Infrastructure plans – public says “get on with it, (but do it right)”

The public sees the importance of infrastructure but more needs to be done to promote its value to the nation.

New research on public attitudes to infrastructure development has an encouraging message for the industry, but many challenges lie ahead, says Ben Marshall.

Hinkley Point. HS2. Heathrow, Gatwick. Little Plumpton. Infrastructure has been in the news of late and the government’s in-tray includes some big decisions about big-budget projects. Thinking in Whitehall is apparently edging towards borrowing to build and a more pragmatic, civic-minded approach to infrastructure; more about jam today (or at least not decades hence), balancing the needs of consumers and citizens.

The changes in emphasis and rhetoric have followed a Brexit vote which brought into sharp focus the need for government to stimulate national and local economies in efficient, equitable ways. Laying track, building runways, upgrading our roads and energy sources, can all help, but if we build it, will they come?; how should we do it?; and will it be worth the effort and money?

With these questions in mind, Ipsos MORI undertook a survey in Britain and 25 other countries asking the public in each how they rated infrastructure, additionally gauging their priorities for improvement and attitudes towards delivery. 

Infrastructure leaders, including the government, will be cheered that:

1. The premise is clear. 76% are of the view that investment in infrastructure is vital to future economic growth. This sentiment is shared by different geographies and demographic groups.

2. There is recognition that action is needed. 60% agree that we are not doing enough as a country to meet our infrastructure needs. 

3. There is backing for borrowing to fund investment. 44% support this – substantially higher than the global and G8 averages (34% and 31% respectively) – while 16% are opposed and 40% are unsure either way. 

4. Twice as many are comfortable with the idea of foreign investment as are not. 42% say they are fine with it if projects can be delivered more quickly as a result; 20% aren’t. This makes Britons fairly pragmatic and a little more comfortable with foreign investment than G8 countries, but government caution is warranted by the 38% who aren’t sure.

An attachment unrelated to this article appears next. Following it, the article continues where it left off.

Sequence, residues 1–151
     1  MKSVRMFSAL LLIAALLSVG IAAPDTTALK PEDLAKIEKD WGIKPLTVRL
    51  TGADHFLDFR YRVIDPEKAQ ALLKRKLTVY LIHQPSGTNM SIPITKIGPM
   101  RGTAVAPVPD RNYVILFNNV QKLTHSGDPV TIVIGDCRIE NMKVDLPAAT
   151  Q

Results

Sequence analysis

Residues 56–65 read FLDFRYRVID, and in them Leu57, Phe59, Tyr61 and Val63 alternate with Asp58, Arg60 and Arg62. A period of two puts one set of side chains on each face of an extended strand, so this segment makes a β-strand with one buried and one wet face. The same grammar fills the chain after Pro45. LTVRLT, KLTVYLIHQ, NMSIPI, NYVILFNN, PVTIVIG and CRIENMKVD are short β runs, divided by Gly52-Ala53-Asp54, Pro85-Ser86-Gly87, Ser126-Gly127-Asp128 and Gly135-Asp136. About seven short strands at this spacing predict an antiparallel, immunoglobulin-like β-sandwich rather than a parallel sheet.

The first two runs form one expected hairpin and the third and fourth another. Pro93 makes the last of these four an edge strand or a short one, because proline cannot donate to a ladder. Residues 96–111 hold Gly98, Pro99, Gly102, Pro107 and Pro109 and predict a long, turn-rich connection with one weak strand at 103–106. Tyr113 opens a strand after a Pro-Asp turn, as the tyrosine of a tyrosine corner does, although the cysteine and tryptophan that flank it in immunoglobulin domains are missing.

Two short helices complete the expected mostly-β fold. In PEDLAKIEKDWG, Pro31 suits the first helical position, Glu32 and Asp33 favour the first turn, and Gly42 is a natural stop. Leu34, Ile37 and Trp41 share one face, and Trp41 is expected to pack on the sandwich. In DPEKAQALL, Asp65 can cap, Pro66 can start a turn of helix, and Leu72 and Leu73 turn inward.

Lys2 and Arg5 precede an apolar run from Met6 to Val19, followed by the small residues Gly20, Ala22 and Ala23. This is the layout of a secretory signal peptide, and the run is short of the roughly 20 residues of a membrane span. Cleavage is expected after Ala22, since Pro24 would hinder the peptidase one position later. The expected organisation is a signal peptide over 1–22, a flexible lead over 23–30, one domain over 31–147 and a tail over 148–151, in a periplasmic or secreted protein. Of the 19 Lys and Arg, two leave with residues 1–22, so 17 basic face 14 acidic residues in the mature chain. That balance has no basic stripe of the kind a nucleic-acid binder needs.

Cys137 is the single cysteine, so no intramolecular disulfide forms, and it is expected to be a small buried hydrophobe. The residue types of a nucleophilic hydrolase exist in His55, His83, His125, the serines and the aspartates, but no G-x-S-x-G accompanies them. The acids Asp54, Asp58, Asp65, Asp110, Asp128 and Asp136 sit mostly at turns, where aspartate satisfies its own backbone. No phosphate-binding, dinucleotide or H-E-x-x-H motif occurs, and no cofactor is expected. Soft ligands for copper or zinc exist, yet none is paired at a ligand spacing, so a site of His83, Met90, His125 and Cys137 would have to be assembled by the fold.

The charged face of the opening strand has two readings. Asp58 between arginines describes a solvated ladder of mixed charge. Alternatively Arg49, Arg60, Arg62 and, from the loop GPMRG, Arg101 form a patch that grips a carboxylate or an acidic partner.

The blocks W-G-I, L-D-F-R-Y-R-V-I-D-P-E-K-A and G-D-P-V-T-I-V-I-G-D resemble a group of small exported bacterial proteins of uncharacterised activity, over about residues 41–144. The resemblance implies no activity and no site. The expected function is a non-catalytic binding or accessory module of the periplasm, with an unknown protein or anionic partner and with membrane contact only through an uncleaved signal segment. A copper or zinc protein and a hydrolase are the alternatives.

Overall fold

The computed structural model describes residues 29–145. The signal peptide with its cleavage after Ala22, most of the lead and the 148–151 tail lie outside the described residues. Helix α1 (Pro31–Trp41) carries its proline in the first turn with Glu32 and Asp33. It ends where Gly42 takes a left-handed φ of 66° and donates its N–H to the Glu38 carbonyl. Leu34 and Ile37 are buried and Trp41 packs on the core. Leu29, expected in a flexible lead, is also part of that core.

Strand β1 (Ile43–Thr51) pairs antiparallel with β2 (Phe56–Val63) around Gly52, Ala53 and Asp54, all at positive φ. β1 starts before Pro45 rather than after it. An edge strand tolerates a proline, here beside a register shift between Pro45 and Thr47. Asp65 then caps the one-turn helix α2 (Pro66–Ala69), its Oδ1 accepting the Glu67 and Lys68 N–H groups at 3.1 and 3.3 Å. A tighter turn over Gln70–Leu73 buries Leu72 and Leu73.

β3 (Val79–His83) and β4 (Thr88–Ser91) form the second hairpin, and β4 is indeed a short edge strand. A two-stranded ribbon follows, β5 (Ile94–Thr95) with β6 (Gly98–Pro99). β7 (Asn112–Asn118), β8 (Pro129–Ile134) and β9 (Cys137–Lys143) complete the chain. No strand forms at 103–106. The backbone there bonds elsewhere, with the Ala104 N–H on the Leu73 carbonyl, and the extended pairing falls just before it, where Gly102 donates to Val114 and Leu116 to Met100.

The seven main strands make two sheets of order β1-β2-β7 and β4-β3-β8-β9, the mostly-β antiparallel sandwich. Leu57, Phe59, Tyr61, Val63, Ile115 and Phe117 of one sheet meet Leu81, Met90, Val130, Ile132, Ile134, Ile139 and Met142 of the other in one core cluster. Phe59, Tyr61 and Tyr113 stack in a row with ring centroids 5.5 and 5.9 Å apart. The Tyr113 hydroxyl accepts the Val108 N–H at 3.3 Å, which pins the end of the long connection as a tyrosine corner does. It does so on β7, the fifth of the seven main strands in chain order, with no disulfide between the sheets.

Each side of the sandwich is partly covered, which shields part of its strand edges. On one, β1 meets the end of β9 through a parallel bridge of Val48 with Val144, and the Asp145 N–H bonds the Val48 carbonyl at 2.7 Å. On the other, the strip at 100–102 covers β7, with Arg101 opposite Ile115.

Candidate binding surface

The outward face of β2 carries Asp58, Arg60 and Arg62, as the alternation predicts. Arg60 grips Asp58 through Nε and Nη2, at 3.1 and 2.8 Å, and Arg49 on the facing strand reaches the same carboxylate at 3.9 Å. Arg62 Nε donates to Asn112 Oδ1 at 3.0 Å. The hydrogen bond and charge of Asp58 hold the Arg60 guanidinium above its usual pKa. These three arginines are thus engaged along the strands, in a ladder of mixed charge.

There are several challenges (and opportunities). In particular:

1. The image of infrastructure. 48%, agree that Britain ‘has a poor record at getting national infrastructure projects right’ (12% disagree), despite only 29% dissatisfaction with the country’s infrastructure. 

2. Many just don’t know. At every turn, our survey picked up a large chunk of people struggling to give an answer one way or another. Infrastructure is not a word on everyone’s lips and opinions are often very conditional on the detail.

3. All infrastructure is local. 67% justify delays to infrastructure projects if it means that local communities’ views can be heard properly, a higher proportion than the 59% in G8 countries. The public are very sensitive to winners and losers. This can be seen in some of the reaction to the approval of plans for fracking in Little Plumpton. More generally, we find people anxious about change but also fearful of stagnation.

4. New housing supply and flooding. Both of these are among top priorities for Brits, probably because of extensive media coverage and their wide reach, but neither fit neatly within the National Infrastructure Commission’s remit. 

These factors make up a complex and changing socio-cultural backdrop that infrastructure leaders must navigate to ‘land’ projects so that they are welcomed and cherished. November’s Autumn Statement will be a key moment in taking the story about Britain’s infrastructure forward, but building a narrative about better infrastructure for a better Britain will take concerted effort. 

This isn’t just about communications, PR and reputation management, important though these are. It also about the way infrastructure is done; the way it is planned, delivered, managed and evaluated. 

The message from the public is ‘Get on with it (but do it right)’. The infrastructure story must be well told, but in the years ahead that story must turn into fact, not fiction.

Ben Marshall is research director at Ipsos MORI, who work with infrastructure leaders, using insights to support design, delivery, marketing and evaluation.